CFHS junior Lydia Ochoa said that through being a part of TryPie she has learned more than how to make a pie, but also skills that she could use later in life. “They bring in people from Veridian and different places to teach us how to save and do accounts and stuff like that, and people have come in to show us how to do resumes to help us.” 

East High School sophomore Mariah Ambrose said TryPie has helped her improve her communication skills.“When living in a generation who only talk through their phones, it’s really easy to be set apart because I’m not afraid to start a conversation.” 

Workers and program participants like Ochoa and Ambrose work two days a week baking pies and participate in a workshop once a month where they have classroom time focusing on four core values: financial stewardship, job skill development, faith development and reconciling community.  On top of that, each girl also has a mentor that they meet with once a month. The mentor helps them set goals regarding the four core values. 

“My mentor keeps me accountable for the things I said I would do. They help when I’m in sticky situations, and they’re really good venting buddies,” Ambrose said.  

TryPie not only teaches the girls about business and financial skills, but how to build a community. “Try Pie has also broken down stereotypes within the community. Before TryPie, if you asked me to hang out with a CF kid, I would laugh in your face. I had this horrible stereotype that all CF kids were snobs. Though clearly this isn’t true,” Ambrose said.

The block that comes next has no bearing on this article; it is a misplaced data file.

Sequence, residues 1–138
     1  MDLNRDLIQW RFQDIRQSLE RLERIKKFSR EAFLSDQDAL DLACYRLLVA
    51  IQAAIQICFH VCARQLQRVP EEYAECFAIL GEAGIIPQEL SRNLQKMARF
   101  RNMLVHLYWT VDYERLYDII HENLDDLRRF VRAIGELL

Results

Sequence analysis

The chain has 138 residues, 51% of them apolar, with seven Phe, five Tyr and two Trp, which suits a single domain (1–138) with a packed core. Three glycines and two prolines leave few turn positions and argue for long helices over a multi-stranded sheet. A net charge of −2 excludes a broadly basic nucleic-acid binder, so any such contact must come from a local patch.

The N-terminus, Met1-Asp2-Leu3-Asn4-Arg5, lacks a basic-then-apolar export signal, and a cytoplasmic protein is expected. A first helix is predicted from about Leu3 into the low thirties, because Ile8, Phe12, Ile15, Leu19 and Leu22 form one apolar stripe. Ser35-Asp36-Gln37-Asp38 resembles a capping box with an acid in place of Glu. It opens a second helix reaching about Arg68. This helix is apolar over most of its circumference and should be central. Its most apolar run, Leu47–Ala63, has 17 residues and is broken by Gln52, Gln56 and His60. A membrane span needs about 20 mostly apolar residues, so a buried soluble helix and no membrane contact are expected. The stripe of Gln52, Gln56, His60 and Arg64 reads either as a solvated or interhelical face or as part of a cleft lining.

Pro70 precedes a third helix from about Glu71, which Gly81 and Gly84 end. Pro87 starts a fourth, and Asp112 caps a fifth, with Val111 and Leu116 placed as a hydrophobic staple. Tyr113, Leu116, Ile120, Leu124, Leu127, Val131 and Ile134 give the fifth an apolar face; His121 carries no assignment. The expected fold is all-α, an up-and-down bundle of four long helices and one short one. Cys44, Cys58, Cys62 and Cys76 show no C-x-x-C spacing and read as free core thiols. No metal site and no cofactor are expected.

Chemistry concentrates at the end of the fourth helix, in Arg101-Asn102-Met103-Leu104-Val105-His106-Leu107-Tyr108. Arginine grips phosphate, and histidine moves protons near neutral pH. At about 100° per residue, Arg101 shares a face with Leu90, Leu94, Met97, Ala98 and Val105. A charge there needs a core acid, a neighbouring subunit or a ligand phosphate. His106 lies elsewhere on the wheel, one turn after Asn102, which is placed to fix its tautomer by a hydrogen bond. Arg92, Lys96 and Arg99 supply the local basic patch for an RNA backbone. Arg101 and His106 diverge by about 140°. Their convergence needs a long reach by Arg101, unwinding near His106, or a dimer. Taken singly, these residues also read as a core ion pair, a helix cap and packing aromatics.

Helleso said that one of her favorite moments with the girls is seeing people from different backgrounds and experiences connect through the simplest task of making pies. “We had a student from CF and a student from East, they were rolling out together across the table from each other. They had totally different experience from home, totally different histories,” Helleso said, “but now as they are rolling out together, they were talking about the books they like to read and what school is like and the things they want to do in the future. You could see them recognize the value in each other. I don’t think that would happen if they weren’t rolling out pie dough across from each other.” 

TryPie juggles with balancing both the business side and the impact on teens, but program directors Tensen and Helleso said the business is counterproductive if the girls aren’t learning. “The business benefits the girls’ learning, but if the learning is not happening, the business doesn’t matter,” Helleso said.